A Favorite Classic Returns with PPAC’s Fiddler

By Kimberly Rau

The Providence Performing Arts Center is hosting the non-equity national tour of Fiddler on the Roof, which boasts new staging and choreography, this week. For a show that premiered in the 60s that is set in rural Russia right around when the last century started, it’s aged surprisingly well, and fans of the musical will enjoy the new updates.

For the uninitiated, Tevye is a milkman in Anatevka, a small Russian village that has been mostly left alone by the military and police. He has five daughters, the oldest three just reaching (arguable) marriageable age, an outspoken wife, and a good standing in the village. Quick witted and intelligent, Tevye often breaks out of his conversations for an aside with God, demanding to know why he wasn’t born rich or why his daughters feel the need to get married for love instead of lock-stepping with tradition and using the local matchmaker. The play is part snapshot of quaint village life, partially one man’s struggle with faith and family, and part social commentary, as the encroaching government makes life more and more unpleasant for the Jewish residents of Anatevka.

The show is almost three hours long, and the second act is written in a way that drags things out quite a bit, but the three things that make it shine are the choreography, the set, and the actors.  It’s a bare-bones set that sets the scene beautifully while still allowing lots of room for the large cast to get around. The new choreography feels fresh and engaging, and the cast is strong.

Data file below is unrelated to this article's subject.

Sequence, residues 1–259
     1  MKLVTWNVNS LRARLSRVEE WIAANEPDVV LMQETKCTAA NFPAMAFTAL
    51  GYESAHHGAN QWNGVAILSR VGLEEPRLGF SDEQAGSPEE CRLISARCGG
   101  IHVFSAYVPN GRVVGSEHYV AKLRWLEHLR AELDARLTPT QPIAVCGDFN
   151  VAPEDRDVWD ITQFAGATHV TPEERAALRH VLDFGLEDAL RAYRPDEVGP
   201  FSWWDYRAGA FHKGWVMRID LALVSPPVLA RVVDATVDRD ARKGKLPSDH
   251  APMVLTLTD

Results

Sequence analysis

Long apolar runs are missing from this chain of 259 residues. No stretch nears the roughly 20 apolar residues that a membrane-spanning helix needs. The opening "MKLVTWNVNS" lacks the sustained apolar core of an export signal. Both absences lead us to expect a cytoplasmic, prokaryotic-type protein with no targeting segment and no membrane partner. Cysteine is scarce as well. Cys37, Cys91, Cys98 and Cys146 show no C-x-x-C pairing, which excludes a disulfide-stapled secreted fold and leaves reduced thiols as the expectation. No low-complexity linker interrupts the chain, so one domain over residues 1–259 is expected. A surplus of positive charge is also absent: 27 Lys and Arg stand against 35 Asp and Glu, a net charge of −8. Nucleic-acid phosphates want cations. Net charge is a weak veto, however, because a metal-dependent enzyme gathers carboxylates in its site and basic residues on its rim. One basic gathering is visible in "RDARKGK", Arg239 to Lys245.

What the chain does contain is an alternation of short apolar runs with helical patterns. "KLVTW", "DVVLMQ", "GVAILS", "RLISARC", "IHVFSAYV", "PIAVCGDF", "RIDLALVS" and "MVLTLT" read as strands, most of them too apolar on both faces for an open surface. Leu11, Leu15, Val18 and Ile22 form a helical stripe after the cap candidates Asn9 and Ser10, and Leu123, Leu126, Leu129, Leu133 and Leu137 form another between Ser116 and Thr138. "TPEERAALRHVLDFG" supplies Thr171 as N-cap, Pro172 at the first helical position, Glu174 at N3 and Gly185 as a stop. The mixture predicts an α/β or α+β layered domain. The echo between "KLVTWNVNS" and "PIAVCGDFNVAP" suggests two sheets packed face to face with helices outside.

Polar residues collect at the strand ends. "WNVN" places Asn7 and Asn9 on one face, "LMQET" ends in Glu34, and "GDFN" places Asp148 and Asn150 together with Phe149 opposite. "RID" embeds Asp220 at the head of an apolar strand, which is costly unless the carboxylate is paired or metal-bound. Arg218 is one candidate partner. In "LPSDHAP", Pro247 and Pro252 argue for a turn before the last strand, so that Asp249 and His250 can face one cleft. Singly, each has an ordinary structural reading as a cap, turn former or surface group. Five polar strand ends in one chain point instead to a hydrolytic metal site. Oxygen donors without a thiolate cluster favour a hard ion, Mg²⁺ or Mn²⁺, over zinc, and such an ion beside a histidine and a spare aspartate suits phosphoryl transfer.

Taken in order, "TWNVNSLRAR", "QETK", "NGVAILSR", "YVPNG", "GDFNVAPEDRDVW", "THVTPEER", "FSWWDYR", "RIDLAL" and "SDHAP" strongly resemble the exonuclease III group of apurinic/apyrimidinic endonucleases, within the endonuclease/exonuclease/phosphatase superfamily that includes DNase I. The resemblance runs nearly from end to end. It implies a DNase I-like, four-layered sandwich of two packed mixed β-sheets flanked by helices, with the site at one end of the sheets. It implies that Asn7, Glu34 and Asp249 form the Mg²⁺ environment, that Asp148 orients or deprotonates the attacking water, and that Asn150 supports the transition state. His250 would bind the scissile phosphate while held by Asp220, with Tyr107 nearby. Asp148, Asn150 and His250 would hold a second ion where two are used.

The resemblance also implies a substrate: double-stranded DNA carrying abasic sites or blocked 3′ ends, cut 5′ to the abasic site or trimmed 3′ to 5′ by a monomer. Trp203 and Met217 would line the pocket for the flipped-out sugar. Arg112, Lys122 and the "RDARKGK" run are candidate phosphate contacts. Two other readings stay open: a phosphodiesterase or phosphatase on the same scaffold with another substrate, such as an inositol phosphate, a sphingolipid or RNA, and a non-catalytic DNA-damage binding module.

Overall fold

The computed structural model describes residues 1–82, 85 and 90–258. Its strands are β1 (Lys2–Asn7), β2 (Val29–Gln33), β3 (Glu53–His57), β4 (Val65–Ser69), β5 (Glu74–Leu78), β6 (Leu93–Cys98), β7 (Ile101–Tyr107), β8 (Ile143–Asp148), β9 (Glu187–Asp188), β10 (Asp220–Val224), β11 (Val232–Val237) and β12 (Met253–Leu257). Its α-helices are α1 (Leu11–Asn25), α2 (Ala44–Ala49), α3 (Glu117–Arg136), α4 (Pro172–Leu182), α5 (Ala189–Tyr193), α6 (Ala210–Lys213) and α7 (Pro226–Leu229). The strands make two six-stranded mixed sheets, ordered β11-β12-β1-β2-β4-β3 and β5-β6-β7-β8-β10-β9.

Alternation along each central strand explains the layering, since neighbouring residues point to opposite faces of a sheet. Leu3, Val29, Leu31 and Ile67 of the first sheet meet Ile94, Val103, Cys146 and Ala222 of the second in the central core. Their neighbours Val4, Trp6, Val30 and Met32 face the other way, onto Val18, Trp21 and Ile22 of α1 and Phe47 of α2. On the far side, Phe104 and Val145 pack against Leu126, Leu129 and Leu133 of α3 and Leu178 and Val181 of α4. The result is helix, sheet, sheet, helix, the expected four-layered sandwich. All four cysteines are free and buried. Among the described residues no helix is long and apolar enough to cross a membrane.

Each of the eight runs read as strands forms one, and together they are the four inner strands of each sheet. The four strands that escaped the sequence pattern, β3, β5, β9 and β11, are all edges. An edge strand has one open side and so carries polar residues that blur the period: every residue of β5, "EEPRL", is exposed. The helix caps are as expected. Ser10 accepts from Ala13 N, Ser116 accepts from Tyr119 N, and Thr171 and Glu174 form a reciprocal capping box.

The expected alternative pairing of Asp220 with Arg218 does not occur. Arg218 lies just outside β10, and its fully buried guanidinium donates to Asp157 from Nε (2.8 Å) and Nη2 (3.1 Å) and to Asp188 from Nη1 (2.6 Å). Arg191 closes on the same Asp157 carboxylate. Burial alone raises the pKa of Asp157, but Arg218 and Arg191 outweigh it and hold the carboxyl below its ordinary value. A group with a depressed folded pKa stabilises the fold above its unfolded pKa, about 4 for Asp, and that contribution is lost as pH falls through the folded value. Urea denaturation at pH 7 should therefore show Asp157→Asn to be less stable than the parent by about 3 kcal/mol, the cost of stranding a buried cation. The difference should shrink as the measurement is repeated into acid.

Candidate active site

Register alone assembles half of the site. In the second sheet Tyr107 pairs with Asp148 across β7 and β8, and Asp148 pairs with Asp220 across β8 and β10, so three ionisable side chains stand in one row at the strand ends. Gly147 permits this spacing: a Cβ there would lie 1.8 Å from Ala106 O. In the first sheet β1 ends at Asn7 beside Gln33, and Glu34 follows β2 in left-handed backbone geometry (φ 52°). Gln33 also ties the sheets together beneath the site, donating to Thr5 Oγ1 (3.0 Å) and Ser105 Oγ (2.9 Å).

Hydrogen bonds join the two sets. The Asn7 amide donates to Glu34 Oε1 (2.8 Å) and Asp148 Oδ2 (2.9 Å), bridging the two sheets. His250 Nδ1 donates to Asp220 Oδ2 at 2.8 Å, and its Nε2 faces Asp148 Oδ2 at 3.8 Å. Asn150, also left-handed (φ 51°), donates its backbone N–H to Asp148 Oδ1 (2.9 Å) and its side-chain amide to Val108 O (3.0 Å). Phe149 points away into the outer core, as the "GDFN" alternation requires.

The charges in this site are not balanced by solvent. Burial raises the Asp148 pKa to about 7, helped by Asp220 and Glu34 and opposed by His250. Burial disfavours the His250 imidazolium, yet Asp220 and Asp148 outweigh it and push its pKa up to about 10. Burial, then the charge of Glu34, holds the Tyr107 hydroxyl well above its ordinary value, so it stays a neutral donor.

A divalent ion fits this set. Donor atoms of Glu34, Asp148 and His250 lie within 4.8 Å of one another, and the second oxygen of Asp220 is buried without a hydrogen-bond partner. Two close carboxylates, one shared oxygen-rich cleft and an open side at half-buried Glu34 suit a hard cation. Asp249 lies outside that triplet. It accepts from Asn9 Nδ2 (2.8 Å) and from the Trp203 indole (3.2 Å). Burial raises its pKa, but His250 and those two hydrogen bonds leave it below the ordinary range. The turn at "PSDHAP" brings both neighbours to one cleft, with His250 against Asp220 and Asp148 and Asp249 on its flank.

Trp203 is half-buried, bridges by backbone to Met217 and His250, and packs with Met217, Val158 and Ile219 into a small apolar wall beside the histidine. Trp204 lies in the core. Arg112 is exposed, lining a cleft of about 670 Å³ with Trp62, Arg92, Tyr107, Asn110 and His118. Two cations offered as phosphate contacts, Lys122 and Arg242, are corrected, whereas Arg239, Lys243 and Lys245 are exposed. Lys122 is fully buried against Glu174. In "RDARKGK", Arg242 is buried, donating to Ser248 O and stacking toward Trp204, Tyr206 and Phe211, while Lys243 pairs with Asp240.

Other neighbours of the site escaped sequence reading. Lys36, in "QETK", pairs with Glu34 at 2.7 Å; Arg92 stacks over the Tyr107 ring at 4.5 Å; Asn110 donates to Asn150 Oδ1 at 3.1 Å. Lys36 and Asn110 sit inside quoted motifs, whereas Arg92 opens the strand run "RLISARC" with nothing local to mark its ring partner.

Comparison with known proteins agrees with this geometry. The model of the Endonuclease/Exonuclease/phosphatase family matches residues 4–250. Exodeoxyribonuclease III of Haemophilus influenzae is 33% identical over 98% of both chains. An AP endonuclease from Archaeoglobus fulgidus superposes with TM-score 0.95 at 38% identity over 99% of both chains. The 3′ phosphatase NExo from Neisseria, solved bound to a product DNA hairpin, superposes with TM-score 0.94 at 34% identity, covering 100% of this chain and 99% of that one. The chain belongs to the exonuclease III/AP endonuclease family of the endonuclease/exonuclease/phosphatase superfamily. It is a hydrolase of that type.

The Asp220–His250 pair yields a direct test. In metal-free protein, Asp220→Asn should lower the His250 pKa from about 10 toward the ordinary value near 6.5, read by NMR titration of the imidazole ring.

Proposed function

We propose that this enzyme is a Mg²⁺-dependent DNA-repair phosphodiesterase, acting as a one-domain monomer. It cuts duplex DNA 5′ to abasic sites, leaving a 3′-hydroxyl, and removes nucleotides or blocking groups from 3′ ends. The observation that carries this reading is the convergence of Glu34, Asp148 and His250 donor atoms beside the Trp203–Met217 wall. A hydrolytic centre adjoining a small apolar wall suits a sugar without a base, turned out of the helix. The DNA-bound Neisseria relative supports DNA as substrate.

Carrying the show falls primarily on Tevye’s shoulders, and Yehezkel Lazarov is more than strong enough for the role. With a powerful voice and stage presence, Lazarov makes even the more quiet moments of the show engaging. The repetitive “If I Were a Rich Man” is funny and interesting, even after the seventh or eighth “daidle deedle daidle;” the somber “Chavaleh” is beautiful. But it’s not a one-man show by any stretch, and Maite Uzal as Tevye’s wife Golde complements Lazarov wonderfully. The ensemble is tight, with nary a note or step out of place the entire performance, and all five sisters have a stage chemistry that easily sells the idea that they grew up together.

Overall, this is a beautiful production of a classic show that everyone should see at least once. If you’re already a fan, then you’ll enjoy the comfort of a favorite story that’s only made better by Bartlett Sher’s direction, Hofesh Shechter’s choreography and Michael Yeargan’s beautiful set design.

Fiddler on the Roof runs through Feb. 16 at the Providence Performing Arts Center, 220 Weybosset St., Providence. Tickets may be obtained at the box office, online at ppacri.org or by calling 401-421-2787.

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